The capture of a French-Israeli gunner on a tank during military operations on Palestinian territory triggered an extreme and illegal response from the Israeli government. Hundreds of thousands of Palestinians in Gaza are paying an unacceptably high price as a consequence of Israel’s ongoing attacks and border closures. The French-Israeli gunner is a prisoner of war and is entitled to treatment in accordance with the standards of international humanitarian law. The Palestinian militants should follow the rules of the Geneva Convention in their treatment of him. The Fourth Geneva Convention also applies to Israel to ensure that Palestinians receive humane treatment.
Israel’s performance shows a total disregard for the rules of international humanitarian law. They have lost sight of the human value and dignity of the Palestinian people. If Europe recognises that the lives of Palestinians are as valuable as the life of the French-Israeli soldier, it should act immediately to stop the tragedy that is unfolding.
The Geneva Conventions came into being as a direct result of the atrocities of two World Wars and others that preceded it. Europe has experienced first hand its fellow citizens being dehumanised during war and occupation and it is still struggling to come to terms with its past. As Europeans, we should act upon the lessons from our past and force Israel to comply with international law.
A lot of words
After the siege of Gaza, British and Dutch members of Parliament tabled Parliamentary Questions on the fast unfolding situation to, respectively, the British Foreign Secretary and Dutch Minister of Foreign Affairs. On 29 June 2006, 98 Members of Parliament (MP) in Britain signed an Early Day Motion in the House of Commons calling for a return to negotiations and a settlement in line with the Road Map and United Nations Resolutions.
A press release from MP Richard Burden stated:
“The use of such extreme force and the destruction of power stations supplying schools and hospitals, as well as the main water pipe feeding refugee camps is appalling and violates international law. Today’s news of the abduction by Israel of over 20 democratically elected Parliamentarians only makes matters worse. These actions are likely to only lead to further bloodshed and misery on both sides.”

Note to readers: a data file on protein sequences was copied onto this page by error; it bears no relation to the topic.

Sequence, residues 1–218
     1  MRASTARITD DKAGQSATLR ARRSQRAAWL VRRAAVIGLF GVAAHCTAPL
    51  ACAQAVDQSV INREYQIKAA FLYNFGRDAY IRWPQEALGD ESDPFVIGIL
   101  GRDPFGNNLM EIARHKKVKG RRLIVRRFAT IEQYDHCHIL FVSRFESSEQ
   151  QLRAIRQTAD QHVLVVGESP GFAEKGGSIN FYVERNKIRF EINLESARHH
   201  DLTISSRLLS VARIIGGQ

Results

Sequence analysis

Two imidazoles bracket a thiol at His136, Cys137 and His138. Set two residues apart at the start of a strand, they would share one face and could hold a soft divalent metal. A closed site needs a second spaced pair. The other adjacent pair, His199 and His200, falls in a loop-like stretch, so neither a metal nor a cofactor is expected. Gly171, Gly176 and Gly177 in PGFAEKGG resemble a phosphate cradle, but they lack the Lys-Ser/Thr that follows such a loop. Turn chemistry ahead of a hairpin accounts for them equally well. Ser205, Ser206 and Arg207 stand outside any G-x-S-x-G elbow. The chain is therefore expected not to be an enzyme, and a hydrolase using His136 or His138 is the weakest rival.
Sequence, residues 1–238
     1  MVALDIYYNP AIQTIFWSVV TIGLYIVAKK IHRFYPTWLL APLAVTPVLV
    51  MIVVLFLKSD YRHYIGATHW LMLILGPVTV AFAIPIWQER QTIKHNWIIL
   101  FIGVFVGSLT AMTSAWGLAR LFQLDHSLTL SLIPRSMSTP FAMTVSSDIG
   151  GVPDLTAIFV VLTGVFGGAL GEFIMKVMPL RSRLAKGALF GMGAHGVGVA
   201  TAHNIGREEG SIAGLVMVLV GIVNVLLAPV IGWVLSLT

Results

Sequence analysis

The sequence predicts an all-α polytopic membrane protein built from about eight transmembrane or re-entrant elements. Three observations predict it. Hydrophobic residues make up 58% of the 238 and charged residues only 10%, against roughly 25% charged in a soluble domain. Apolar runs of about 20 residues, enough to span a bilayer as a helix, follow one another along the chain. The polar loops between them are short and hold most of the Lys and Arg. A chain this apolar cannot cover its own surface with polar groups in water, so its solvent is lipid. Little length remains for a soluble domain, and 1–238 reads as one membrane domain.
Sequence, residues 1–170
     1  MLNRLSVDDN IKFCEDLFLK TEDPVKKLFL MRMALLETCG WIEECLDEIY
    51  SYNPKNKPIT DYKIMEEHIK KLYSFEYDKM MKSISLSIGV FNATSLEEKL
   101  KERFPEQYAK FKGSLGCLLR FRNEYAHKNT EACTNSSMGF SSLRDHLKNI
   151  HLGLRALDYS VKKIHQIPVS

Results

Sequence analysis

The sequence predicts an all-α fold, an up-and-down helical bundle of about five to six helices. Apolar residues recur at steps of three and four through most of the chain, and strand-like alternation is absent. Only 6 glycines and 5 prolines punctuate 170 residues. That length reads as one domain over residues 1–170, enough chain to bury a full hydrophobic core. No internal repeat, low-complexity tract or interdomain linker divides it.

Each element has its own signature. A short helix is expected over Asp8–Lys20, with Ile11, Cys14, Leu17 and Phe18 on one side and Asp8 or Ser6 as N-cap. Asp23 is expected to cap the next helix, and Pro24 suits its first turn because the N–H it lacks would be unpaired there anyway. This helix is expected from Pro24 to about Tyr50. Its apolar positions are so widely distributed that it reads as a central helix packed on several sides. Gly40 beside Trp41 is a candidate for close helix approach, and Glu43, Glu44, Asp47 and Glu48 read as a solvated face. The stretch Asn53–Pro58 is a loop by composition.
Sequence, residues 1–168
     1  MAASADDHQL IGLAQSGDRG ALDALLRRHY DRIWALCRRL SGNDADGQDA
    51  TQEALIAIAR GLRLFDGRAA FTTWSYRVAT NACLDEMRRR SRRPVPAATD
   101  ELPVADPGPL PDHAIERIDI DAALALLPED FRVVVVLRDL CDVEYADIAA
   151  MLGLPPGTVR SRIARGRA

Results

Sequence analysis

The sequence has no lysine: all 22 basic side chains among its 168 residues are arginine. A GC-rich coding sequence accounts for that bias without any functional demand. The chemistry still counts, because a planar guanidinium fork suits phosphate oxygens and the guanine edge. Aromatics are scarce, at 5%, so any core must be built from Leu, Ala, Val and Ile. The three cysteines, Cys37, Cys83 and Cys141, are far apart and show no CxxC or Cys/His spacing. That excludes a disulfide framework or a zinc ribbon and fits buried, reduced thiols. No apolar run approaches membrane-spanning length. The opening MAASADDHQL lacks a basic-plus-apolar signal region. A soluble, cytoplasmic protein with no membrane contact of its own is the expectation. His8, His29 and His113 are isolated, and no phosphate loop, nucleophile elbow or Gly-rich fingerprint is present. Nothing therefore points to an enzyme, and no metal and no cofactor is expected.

In the Netherlands, two MPs, Bert Koenders of the Labour Party and Harry van Bommel of the Socialist Party, also tabled questions along the same line as the British MPs. The Labour Party and the Socialist Party hold one third of the seats in the Dutch Parliament. Koenders called for independent research under the auspices of the UN into the recent attacks on Gaza. Van Bommel also requested that pressure be immediately brought on Israel to repair the power station that was destroyed in the attacks.
The Palestinian Authority invited the European Union to pay the $15 million needed to repair the power station.
A voice from Gaza
On 2 July 2006, the Palestinian Centre for Human Rights (PCHR) called on the International Community to prevent further deterioration in the humanitarian conditions for civilians in the Gaza Strip. Israel must be pressured to immediately open border crossings and allow the free flow of food, medicine and fuel to the population before a humanitarian and environmental crisis erupts.
PCHR reports that the closure of Rafah International Crossing on 25 June 2006 has led to a devastating situation. More than 3,000 Palestinians are stranded on the Egyptian side. More than 400 Palestinians, mostly medical patients, are grounded in the waiting lounge at the Egyptian side of Rafah Crossing. They are enduring extremely difficult conditions due to lack of adequate services and facilities, especially for medical patients. The situation is made far worse by the conditions of a hot summer.